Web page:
Thus Daniel Boyarin: “So any evidence for Jewish binitarianism does not constitute a ‘weakening’ of pure monotheism, any more than Christian trinitarianism does, except from the point of view of Modalists such as rabbinic Jews, who regard it as heresy, of course.” Cited in “The Gospel of the Memra: Jewish Binitarianism and the Prologue to John,” Harvard Theological Review, 94 (July 2001): 261, n. 64.
 Daniel Boyarin is the Hermann P. and Sophia Taubman Professor of Talmudic Culture in the Departments of Near Eastern Studies and Rhetoric at the University of California, Berkeley. What a weird thing it is that students can study Talmud at UC Berkeley with the most famous Talmudist alive. There might be hope for us Californians yet.
 Boyarin, “The Gospel of the Memra,” p. 251.
 The literature on Second Temple Judaism is vast. I’d start with Jewish Literature between the Bible and the Mishnah (Second Edition) by George W. E. Nickelsburg (2011). And you could do much worse than reading the notes and essays in The Jewish Annotated New Testament (2nd Edition), edited by Amy-Jill Levine and Marc Zvi Brettler (2017).
 Boyarin thinks St John is riffing on Numbers 11:12. The Logos is God’s beloved child (pp. 283-284). “For the rabbinic text, the beloved child that the Father carries in his bosom, the son or daughter of God, is the Torah; for the earlier midrash of the Fourth Gospel, she [Wisdom] was the Logos, the Son.”
 The Aramaic word memra (מימרא) is related to the Hebrew verb amar (אָמַר) used in Genesis 1:3: “And God said …”
 For additional reflections about the Logos in John’s Gospel by Daniel Boyarin, see Border Lines: The Partition of Judaeo-Christianity (2004), pp. 89-147.
 Per John McGuckin in “A Conflicted Heritage: The Byzantine Religious Establishment of a War Ethic“: “The Constantinian age changed attitudes, but it was not a move from pacifism to militarism. Christians were now a dominant force within the army and the imperial court whereas before they had been a minority, a fact that alarmed Diocletian and Galerius considerably, and led to the outbreak of the Great Persecution. They were such a force that even years of purges could not unseat them, and after Constantine they would not be ready to relinquish power again” (p. 35).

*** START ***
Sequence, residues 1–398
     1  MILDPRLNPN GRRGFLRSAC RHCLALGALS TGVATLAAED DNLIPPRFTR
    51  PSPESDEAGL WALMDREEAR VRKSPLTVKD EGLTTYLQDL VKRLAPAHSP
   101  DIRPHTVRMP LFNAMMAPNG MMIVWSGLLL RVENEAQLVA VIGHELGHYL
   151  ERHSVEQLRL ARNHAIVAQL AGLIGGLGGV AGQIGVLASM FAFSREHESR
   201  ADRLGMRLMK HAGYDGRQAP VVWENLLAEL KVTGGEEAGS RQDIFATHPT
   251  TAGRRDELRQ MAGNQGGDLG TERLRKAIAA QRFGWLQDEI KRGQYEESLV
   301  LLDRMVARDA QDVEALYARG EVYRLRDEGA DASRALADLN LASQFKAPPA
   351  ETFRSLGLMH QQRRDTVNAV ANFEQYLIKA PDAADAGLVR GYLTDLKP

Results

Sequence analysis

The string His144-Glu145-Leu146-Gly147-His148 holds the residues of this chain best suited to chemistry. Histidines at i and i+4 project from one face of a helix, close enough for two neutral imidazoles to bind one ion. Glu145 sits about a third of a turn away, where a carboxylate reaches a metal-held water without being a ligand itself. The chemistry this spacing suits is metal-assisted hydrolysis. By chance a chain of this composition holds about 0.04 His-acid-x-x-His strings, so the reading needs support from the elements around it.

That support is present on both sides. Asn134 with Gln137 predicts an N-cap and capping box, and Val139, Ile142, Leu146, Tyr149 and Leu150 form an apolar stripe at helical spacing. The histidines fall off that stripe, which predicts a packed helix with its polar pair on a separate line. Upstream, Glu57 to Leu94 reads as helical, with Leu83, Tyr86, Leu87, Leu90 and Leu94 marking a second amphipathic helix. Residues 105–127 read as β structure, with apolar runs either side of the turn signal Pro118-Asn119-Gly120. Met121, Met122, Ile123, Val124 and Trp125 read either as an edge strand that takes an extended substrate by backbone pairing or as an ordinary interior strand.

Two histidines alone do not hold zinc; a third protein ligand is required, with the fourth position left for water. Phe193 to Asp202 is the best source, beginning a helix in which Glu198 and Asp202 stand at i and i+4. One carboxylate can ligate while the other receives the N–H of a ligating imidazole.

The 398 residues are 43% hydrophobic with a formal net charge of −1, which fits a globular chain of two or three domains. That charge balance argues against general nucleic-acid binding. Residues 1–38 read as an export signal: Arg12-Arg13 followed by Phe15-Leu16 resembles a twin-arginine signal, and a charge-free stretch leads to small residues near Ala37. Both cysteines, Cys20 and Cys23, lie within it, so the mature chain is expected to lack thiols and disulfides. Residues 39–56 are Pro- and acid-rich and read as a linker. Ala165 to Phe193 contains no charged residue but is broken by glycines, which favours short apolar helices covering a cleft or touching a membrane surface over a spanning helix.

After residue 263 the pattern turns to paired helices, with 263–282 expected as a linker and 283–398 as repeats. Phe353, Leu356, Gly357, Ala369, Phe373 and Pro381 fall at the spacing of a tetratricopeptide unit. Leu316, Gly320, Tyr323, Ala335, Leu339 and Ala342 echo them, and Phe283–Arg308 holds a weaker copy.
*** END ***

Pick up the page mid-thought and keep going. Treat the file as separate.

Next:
Tertullian might be spouting a bit of hyperbole as well.
 Oddly enough, St Luke here doesn’t echo his beloved Septuagint (LXX) as usual but instead the Hebrew text itself. The LXX translates שְׁעָרֶ֔יךָ/shaʻarekah as “your cities.”
 Martin Hengel, Property and Riches in the Early Church (1974), p. 50.
 From DBH’s online article, “Everything you know about the Gospel of Paul is likely wrong.” I don’t think it’s in print yet.
 The Book of All Books (2021). I think “R” stands for “Redactor,” or better yet, the German word “Redaktor.” Calasso didn’t specifically say. In any case, R stands for the anonymous editor of the books of the Bible in their final, canonical shape that we have received today.
 Karl Barth, “The Preface to the First Edition (1918),” in The Epistle to the Romans, trans. Edwyn C. Hoskyns (London: Oxford University Press, 1933), p. 1.
 For my money, the best deconstruction of the criteria of dissimilarity is Morna D. Hooker, “On Using the Wrong Tool,” Theology 75, no. 629 (November 1972): 570–81. It’s still a great read.
 Jesus and Judaism (2019) by Martin Hengel and Anna Maria Schwemer, p. 427. See also pp. 185-202.
 The Bride of the Lamb, p. 342.
 For arguments along this line, see When the Son of Man Didn’t Come: A Constructive Proposal on the Delay of the Parousia (2016) by Christopher Hays and others.
 G.B. Caird, The Language and Imagery of the Bible (1980), p. 252.
 The second ending of St John’s Gospel also prepares us for what is potentially a very long wait for Jesus to return: “If I wish him to remain until I come, what is that to you?” (John 21:15-23)
 27.5 percent of the New Testament. St Luke wrote more than St Paul.
 Why oh why didn’t the translator translate Conzelmann’s German title into English instead of the bland, misleading The Theology of St Luke?
 I deliberately put the word “religion” into scare quotes. What we post/moderns mean by “religion” and what pre-moderns meant by “religion” are two entirely different things. A massive sea change in the meaning of “religion” took place in the modern world. For a fascinating discussion of the entire process, start with Brent Nongbri’s Before Religion: A History of a Modern Concept (2013).